Bookish Chatter | February Keeps Moving!

February seems to be going by especially fast this year! I cannot believe that March 1st is just one week away. These last few days have felt cold and raw, so I’ve enjoyed my time curled up with a stack of good books. I have a few finished ones to share with you this morning, so let’s chat about them.

Finished This Week:

The Mapping of Love and Death is the seventh book in the Maisie Dobbs series and it might be my favorite. Maisie is approached by the family of Michael Clifton, an American land surveyor. He joined the cause when England entered WWI to fight for his father’s birth country. After his death, they learned he’d been writing letters with a nurse and hired Maisie to help find her. As soon as she saw the autopsy report, Maisie knew that Michael’s death wasn’t due to enemy fire. She set to work finding Michael’s killer as well as the woman he loved.

This novel brought big changes to Maisie’s personal life — not only does she have a new and surprising love interest, but her financial circumstances change after an extremely close friend passes away. I find Maisie endlessly fascinating and am looking forward to reading more of this series this year.

The Night Watchman! I loved every single second of this stand-alone novel by Louise Erdrich. I think I’ve asked on this blog why Louise Erdrich hasn’t won the Pulitzer yet? And I stand corrected: this novel DID win the Pulitzer!! And this piece of American literature is completely deserving of that coveted prize.

I adored both of the main characters in this novel, Thomas Wazhashk and Patrice Parenteau. Thomas is based on Erdrich’s grandfather who worked as a night watchman at the local jewelry bearing plant and a tribal councilman who fought congress on a bill that aimed to terminate all treaties and deals with Native Americans. Patrice is a young woman who recently graduated from high school and works at the jewelry bearing plant, but heads to Minneapolis to search for her missing sister. Their stories intertwine in the most amazing ways. I was cheering on everyone on the Turtle Mountain Reservation who worked together to get tribe members all the way from North Dakota to DC to testify against this hateful bill in Congress.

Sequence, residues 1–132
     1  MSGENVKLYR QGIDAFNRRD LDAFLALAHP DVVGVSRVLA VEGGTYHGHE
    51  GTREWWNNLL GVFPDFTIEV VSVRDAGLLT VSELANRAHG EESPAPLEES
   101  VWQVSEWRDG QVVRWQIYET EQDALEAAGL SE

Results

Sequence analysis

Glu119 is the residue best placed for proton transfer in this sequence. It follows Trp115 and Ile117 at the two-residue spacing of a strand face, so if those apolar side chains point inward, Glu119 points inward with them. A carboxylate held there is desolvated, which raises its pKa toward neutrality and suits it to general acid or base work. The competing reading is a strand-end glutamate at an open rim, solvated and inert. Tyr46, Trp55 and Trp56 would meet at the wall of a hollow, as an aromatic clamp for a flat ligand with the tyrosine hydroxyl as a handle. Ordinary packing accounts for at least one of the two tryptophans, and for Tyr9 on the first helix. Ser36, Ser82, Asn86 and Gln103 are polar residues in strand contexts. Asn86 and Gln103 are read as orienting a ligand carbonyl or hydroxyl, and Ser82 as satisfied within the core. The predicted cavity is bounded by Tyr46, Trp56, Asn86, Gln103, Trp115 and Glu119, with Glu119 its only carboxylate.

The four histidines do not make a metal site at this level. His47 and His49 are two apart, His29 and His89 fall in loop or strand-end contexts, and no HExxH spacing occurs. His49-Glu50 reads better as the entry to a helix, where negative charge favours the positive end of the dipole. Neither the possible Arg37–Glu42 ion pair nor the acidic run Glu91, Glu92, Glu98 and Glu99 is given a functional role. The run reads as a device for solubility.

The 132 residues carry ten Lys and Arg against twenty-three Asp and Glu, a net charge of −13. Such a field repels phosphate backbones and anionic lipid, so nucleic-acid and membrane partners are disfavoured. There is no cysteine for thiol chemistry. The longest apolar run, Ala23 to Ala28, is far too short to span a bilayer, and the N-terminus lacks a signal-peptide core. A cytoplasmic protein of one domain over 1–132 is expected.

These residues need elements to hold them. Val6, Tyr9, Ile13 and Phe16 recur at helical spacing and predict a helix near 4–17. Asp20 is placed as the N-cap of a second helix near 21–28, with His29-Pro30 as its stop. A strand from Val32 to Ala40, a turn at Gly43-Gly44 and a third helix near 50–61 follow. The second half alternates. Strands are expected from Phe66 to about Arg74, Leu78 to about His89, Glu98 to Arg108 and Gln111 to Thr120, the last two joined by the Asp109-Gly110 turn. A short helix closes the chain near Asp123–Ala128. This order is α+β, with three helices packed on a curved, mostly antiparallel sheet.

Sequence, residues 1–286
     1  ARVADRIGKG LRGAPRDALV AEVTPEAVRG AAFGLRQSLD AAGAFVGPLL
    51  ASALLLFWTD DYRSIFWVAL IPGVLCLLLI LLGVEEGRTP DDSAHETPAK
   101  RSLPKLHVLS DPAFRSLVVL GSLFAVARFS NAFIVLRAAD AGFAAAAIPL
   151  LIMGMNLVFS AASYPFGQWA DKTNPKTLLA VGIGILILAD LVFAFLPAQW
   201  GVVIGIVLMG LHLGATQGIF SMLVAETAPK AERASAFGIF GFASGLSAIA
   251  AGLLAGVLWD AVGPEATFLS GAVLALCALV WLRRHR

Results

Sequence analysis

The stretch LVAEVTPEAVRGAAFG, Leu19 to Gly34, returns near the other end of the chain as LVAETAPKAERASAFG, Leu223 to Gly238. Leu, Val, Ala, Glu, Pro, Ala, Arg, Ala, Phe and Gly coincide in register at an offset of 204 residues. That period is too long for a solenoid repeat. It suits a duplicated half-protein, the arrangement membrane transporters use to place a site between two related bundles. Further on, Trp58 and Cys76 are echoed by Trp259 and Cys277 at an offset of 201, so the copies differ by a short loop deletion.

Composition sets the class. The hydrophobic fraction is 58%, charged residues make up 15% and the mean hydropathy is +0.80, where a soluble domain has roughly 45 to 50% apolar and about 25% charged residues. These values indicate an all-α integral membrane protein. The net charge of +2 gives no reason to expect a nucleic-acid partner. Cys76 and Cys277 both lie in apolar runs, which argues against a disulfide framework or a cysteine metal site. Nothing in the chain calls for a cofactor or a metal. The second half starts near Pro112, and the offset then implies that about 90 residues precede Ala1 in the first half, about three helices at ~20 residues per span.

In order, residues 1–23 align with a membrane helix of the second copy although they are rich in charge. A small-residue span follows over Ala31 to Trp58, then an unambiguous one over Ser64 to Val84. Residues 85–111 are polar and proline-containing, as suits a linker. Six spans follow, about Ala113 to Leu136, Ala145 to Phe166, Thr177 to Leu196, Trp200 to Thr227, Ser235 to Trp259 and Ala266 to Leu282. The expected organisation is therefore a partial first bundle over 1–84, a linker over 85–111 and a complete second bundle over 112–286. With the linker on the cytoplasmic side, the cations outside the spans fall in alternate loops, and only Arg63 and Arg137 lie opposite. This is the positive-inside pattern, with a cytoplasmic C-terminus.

I love how easily Erdrich can move through her characters, including making animals and nature come alive in her novels. The more I read by her, the more I’m in awe of her talent. Next month’s Erdrich novel is The Bingo Palace and I can’t wait.

Bronwyn and I finished reading Addy Saves the Day this week. Addy’s church in Philadelphia puts on a fair to raise money to help the Freedman’s Fund and all the people struggling to recover after the Civil War. Addy suggested to the children of the church that they make spool puppets and put on puppet shows to raise money. All of the children love her idea — except Harriet, Addy’s arch nemesis. But Harriet and Addy learn to work together when Addy witnesses a moment of sorrow by Harriet and she realizes that, despite her snooty ways, even Harriet has been deeply hurt by slavery and the Civil War.

Addy was reunited with an important person at the end of the book and I struggled not to cry. I love seeing her family slowly become whole again and yet — how many families were ripped apart by slavery and were never made whole? Countless. So many Americans can’t even get a full picture of their heritage because of how America treated their ancestors. I am REALLY enjoying the Addy books, clearly. We started the last book in the series last night and I’m not looking forward to saying goodbye to her!

Bryce and I finished the seventh Captain Underpants last night. This one is The Big, Bad Battle of the Bionic Booger Boy Part 2: The Revenge of the Ridiculous Robo-Boogers. In this one, Melvin Sneedly has stolen Captain Underpants’s super powers and George and Harold have to go back in time to retrieve Melvin’s invention in order to re-combine Melvin and Captain Underpants, switch the Captain’s super powers back to him, and then separate their bodies again. It is all so confusing! I’m pretty sure that we’ll be starting the eighth epic novel tonight.

Slow & Steady